We would like to acknowledge the support of EPSRC grants EP/F02553X/1 and EP/D059364/1. 
Commercial relationships: none. 
Corresponding author: Alasdair D. F. Clarke. 
Email: adfc1@hw.ac.uk. 
Address: The Texture Lab, School of Mathematics and Computer Science, Heriot-Watt University, Riccarton Campus, Edinburgh, Scotland, EH14 4AS, UK. 
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Figure 1
 
(Top) An example of a 1/ f β-noise surface texture with an indent target. (Bottom) An example of a near-regular texture with a missing texton. Both examples are 512 × 512 pixels in size, whereas the stimuli used in the experiment were 1024 × 1024.
Figure 1
 
(Top) An example of a 1/ f β-noise surface texture with an indent target. (Bottom) An example of a near-regular texture with a missing texton. Both examples are 512 × 512 pixels in size, whereas the stimuli used in the experiment were 1024 × 1024.
Figure 2
 
A small section of a surface texture with target, and the corresponding activation map. In this case, the global maximum of the activation map corresponds to the target. Further examples, including examples of the model's intermediate stages, can be found in the additional materials.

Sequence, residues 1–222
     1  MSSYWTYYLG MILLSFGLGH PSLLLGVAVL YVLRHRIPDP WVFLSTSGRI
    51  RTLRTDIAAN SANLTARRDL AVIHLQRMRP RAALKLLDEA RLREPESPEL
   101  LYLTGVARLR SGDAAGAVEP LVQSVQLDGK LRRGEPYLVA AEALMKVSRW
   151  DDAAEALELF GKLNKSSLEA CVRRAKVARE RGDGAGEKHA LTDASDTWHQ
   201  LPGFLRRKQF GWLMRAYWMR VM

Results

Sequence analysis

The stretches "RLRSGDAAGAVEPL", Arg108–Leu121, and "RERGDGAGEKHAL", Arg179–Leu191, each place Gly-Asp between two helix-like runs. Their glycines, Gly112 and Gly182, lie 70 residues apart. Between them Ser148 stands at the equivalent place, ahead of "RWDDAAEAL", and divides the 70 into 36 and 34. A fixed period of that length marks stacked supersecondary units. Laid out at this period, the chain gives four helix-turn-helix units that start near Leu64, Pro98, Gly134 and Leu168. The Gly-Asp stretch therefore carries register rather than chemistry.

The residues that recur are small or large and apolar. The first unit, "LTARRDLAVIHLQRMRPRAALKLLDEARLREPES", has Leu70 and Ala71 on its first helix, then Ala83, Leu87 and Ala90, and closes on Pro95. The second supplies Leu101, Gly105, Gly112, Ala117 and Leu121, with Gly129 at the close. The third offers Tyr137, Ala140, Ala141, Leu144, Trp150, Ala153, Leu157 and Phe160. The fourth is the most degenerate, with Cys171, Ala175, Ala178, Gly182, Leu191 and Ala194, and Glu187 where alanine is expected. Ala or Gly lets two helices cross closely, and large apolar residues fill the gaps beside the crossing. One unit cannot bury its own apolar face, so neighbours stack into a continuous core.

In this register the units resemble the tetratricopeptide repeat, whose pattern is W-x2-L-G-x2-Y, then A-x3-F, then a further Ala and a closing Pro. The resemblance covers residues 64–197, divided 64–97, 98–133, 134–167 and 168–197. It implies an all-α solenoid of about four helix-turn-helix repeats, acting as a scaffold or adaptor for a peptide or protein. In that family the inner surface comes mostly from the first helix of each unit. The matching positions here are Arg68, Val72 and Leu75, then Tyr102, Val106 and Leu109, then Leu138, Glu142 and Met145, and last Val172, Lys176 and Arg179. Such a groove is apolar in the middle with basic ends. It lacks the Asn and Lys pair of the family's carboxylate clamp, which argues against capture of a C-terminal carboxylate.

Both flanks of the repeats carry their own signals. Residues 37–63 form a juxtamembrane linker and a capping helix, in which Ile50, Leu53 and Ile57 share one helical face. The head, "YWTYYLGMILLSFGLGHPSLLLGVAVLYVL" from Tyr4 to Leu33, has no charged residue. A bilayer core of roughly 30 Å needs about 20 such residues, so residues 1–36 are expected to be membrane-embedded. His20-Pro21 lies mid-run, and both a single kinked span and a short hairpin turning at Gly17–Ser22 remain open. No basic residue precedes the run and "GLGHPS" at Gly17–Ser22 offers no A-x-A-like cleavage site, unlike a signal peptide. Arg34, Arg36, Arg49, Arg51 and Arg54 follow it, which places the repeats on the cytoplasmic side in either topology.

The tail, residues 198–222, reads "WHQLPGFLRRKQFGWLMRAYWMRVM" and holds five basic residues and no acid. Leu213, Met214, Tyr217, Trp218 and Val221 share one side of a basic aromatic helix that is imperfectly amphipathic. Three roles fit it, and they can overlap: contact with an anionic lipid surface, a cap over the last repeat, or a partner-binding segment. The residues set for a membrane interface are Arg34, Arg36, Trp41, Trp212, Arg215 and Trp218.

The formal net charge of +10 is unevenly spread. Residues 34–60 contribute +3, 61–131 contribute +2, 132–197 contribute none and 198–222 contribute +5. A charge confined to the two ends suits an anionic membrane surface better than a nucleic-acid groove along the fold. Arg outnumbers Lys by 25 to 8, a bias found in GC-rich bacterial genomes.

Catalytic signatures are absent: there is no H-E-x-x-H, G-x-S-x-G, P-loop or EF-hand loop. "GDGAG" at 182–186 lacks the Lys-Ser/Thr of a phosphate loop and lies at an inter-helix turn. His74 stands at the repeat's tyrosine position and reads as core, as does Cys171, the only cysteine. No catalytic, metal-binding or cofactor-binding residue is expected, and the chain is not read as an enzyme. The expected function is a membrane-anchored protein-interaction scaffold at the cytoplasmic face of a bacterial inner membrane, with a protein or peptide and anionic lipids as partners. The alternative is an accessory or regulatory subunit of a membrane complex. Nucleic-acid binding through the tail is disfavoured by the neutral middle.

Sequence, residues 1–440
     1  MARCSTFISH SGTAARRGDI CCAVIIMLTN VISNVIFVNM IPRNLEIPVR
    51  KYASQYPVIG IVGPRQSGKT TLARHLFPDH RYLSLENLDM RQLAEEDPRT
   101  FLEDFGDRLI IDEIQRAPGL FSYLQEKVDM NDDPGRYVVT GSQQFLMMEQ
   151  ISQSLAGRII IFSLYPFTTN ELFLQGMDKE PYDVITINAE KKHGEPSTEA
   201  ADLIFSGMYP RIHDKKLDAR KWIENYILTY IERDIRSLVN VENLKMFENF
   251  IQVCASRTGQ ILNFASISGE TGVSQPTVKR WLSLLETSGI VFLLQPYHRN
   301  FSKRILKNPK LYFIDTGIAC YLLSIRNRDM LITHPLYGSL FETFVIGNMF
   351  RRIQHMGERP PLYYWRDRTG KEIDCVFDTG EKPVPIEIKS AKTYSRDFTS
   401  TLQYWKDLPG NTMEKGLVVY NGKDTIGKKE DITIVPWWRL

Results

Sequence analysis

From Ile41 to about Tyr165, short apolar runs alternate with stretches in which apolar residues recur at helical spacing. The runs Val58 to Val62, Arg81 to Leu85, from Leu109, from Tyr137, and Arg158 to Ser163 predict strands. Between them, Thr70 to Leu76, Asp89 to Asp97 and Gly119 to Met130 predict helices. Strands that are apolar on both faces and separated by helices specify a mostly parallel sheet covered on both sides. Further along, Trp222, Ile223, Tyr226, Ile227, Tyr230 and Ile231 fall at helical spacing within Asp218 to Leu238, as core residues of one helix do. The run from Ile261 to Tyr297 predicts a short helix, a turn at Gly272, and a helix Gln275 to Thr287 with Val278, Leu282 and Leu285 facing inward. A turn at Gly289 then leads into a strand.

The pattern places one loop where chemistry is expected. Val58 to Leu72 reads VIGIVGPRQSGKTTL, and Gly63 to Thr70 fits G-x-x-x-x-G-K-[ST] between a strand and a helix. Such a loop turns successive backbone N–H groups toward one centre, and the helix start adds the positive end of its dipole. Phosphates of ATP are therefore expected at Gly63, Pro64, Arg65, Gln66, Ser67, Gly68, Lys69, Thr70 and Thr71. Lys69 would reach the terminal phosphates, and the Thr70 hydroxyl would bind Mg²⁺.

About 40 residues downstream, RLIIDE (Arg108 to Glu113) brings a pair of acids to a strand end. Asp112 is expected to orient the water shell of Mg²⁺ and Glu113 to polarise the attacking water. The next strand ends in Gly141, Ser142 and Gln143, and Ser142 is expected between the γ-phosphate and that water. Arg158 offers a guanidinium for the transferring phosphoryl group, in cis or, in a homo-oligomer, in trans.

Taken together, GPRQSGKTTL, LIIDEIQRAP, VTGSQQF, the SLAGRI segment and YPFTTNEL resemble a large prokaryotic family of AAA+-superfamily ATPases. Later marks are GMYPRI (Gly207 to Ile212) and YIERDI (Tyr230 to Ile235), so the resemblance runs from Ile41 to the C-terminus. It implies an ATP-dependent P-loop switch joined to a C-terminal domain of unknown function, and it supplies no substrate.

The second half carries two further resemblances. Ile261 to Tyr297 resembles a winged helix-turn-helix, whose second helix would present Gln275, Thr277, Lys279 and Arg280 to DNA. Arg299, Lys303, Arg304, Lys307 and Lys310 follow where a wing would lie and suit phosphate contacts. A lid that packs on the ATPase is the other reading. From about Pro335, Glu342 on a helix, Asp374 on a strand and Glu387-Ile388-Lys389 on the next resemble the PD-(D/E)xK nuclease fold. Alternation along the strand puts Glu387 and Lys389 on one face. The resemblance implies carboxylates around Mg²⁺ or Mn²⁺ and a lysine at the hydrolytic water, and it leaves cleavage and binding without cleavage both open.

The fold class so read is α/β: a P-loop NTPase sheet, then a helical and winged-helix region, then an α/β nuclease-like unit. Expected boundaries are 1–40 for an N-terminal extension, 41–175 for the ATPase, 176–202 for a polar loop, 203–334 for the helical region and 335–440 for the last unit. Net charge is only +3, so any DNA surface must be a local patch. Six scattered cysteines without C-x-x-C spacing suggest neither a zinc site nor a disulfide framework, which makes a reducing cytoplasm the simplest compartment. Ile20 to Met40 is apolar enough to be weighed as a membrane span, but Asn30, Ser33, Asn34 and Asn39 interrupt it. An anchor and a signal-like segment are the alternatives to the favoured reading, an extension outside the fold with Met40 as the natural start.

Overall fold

Figure 2
 
A small section of a surface texture with target, and the corresponding activation map. In this case, the global maximum of the activation map corresponds to the target. Further examples, including examples of the model's intermediate stages, can be found in the additional materials.
Figure 3
 
The orientation of the target, with respect to the illumination, affects its appearance. In all cases the target is a small indent, illuminated from above. When it is close to perpendicular to the illumination direction there is a high contrast edge. The contrast diminishes as we rotate the target towards vertical. Note: The image has been scaled up for illustrative purposes.
Figure 3
 
The orientation of the target, with respect to the illumination, affects its appearance. In all cases the target is a small indent, illuminated from above. When it is close to perpendicular to the illumination direction there is a high contrast edge. The contrast diminishes as we rotate the target towards vertical. Note: The image has been scaled up for illustrative purposes.
Figure 4
 
Comparison between human observers (blue lines) and the LNL search model (red lines). (left) σ RMS = 0.9, (right) σ RMS = 1.1.
Figure 4
 
Comparison between human observers (blue lines) and the LNL search model (red lines). (left) σ RMS = 0.9, (right) σ RMS = 1.1.
Figure 5
 
Histogram showing saccade amplitudes and rose plot showing saccade directions for the perceived roughness experiment.